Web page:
Copper reached a six-week high in New York yesterday after China's new government backed urban development, a policy that stands to support demand in the world's biggest consumer of the metal.
China also will keep macroeconomic policies stable and expand domestic demand, the official Xinhua News Agency said.
The Copper Development Association says construction generates about 40 per cent of demand for the metal, used in pipes and wiring. An official manufacturing gauge for China, released on Saturday, reached a seven-month high last month.
"Chinese data has improved in the past couple of months, and the uncertainty of the new leadership structure is passing," said analysts at Australia & New Zealand Banking Group.
Copper for delivery in March added 0.5 per cent to US$3.6725 in early trading on the Comex in New York. Prices reached $3.6835, the highest level since October 19. Copper for delivery in three months rose 0.3 per cent to $8,053 a tonne on the London Metal Exchange.
Xinhua cited a statement released after top officials made their first assessment of the economy under new leader Xi Jinping. As many as 300 million people will move from China's countryside by 2030, to join 600 million already living in cities, the Organisation for Economic Cooperation and Development estimates.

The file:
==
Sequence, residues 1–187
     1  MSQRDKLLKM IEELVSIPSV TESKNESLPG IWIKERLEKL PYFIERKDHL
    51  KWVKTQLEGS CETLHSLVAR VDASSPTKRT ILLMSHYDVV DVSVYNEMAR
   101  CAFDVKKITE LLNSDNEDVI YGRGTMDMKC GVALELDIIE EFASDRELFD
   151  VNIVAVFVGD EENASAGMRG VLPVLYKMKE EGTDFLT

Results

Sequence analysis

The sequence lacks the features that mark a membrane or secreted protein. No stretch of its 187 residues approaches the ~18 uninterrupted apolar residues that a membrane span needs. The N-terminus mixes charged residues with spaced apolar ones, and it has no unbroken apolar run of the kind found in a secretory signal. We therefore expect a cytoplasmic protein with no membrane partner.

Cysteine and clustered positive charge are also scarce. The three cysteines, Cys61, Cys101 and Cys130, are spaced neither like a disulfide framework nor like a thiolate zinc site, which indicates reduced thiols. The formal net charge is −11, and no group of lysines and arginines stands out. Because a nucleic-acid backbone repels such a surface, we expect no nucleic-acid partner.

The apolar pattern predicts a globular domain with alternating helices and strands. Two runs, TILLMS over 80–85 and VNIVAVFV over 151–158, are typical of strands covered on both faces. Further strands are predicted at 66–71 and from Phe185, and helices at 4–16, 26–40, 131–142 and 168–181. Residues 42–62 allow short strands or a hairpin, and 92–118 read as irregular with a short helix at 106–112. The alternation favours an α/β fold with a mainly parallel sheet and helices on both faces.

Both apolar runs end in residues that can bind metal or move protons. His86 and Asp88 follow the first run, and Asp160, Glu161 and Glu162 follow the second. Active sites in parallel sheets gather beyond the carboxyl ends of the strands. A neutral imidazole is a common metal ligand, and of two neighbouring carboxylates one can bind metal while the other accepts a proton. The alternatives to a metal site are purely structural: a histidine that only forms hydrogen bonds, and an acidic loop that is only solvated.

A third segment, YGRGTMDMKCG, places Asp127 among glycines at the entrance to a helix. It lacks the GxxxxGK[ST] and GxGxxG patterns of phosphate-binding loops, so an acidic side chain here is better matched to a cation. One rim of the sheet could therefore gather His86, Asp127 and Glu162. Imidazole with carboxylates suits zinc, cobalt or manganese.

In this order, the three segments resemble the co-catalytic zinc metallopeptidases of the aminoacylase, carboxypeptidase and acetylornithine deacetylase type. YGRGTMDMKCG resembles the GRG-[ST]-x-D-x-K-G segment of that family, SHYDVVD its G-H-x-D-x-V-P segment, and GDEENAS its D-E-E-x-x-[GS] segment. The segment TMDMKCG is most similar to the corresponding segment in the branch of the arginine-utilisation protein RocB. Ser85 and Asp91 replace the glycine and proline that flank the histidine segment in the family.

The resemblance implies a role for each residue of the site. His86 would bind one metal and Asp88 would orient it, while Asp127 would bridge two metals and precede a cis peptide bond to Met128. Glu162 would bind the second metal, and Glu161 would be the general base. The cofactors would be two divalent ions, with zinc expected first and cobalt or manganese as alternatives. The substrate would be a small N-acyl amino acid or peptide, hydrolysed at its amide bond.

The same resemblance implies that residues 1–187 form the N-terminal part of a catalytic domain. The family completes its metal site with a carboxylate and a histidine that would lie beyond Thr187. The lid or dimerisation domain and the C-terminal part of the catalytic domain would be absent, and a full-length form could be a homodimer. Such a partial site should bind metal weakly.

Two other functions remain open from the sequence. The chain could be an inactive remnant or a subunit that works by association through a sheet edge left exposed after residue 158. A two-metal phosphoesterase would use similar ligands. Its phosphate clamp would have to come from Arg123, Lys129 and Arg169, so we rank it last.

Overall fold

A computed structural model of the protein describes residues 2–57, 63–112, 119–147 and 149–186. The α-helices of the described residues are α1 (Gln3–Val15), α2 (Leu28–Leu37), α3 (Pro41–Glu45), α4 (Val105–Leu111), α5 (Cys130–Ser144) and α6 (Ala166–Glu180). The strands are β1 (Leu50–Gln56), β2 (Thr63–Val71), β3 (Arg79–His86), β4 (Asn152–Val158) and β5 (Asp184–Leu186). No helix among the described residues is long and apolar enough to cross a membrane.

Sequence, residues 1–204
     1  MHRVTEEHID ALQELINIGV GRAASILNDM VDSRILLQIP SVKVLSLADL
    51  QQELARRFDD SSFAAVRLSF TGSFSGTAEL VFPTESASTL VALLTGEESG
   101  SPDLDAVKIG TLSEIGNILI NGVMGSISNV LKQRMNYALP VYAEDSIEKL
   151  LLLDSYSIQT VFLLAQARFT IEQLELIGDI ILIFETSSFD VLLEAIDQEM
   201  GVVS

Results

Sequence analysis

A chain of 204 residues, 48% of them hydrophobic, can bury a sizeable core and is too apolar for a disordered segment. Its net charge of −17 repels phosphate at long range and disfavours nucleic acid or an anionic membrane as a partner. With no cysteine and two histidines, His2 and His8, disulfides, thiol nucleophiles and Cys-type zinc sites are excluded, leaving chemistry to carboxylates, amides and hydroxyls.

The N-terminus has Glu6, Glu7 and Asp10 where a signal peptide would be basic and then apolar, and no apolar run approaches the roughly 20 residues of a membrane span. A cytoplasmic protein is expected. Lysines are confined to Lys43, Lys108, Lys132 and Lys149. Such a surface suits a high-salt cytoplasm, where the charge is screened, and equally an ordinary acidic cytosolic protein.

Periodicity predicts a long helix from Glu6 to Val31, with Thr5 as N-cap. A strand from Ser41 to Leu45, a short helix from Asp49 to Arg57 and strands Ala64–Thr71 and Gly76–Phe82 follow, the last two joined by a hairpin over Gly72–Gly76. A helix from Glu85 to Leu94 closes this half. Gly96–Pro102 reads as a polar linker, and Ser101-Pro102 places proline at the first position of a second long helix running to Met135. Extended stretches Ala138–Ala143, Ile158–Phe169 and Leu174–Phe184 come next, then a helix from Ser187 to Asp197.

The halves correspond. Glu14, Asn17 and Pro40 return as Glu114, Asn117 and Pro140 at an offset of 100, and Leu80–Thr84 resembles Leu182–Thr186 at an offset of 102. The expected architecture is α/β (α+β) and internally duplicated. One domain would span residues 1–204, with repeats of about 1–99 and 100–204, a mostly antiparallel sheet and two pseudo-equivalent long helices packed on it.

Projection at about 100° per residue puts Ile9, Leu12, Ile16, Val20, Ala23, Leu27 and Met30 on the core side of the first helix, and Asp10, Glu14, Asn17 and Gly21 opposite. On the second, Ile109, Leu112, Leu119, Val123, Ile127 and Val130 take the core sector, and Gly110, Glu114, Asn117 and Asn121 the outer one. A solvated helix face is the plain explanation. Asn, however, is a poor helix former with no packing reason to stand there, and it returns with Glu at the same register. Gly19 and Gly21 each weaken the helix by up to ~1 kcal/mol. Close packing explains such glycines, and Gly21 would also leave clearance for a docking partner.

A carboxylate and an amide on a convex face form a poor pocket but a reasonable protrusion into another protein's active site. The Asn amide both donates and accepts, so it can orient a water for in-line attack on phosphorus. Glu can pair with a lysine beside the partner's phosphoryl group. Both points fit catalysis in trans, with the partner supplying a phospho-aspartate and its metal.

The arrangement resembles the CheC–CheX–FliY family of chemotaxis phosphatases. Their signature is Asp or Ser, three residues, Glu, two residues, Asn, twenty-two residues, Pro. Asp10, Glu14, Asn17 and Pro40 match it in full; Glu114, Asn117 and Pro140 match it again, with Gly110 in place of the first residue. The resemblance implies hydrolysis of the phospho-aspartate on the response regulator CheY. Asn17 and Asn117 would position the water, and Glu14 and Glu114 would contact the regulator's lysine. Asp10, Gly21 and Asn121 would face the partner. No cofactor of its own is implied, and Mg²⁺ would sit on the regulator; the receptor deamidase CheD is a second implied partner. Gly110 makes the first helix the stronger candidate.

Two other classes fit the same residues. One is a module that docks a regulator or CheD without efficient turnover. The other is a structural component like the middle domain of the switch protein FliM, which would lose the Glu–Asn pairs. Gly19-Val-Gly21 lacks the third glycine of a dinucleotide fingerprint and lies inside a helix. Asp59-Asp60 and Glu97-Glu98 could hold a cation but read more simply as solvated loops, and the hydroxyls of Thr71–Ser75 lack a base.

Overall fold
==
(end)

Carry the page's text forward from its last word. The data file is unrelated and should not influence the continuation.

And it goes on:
"Market participants are stocked up for the rest of 2012 and early 2013, with large players sitting on the sidelines and waiting for signs of a copper demand pickup in China," said Andrey Kryuchenkov, an analyst at VTB Capital in London.
Copper inventories monitored by the LME, down 33 per cent this year, dropped 0.1 per cent to 249,025 tonnes, daily exchange figures showed. Orders to withdraw the metal from warehouses declined for a 10th session out of 11 to 31,175 tonnes.
Aluminium, zinc, lead and nickel rose in London. Tin fell.